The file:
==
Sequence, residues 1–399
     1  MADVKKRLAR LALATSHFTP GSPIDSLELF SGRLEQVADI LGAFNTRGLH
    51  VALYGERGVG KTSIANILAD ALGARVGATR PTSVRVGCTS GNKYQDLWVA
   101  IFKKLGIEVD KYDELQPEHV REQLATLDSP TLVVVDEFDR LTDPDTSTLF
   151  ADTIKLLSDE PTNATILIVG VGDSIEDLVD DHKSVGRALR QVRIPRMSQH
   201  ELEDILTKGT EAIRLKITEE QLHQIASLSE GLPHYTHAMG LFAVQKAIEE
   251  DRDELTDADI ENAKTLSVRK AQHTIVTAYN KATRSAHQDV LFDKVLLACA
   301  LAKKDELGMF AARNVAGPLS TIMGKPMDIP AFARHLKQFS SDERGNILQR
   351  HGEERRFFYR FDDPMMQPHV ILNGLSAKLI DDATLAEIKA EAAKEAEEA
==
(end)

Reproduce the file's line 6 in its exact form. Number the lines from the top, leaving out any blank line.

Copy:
   201  ELEDILTKGT EAIRLKITEE QLHQIASLSE GLPHYTHAMG LFAVQKAIEE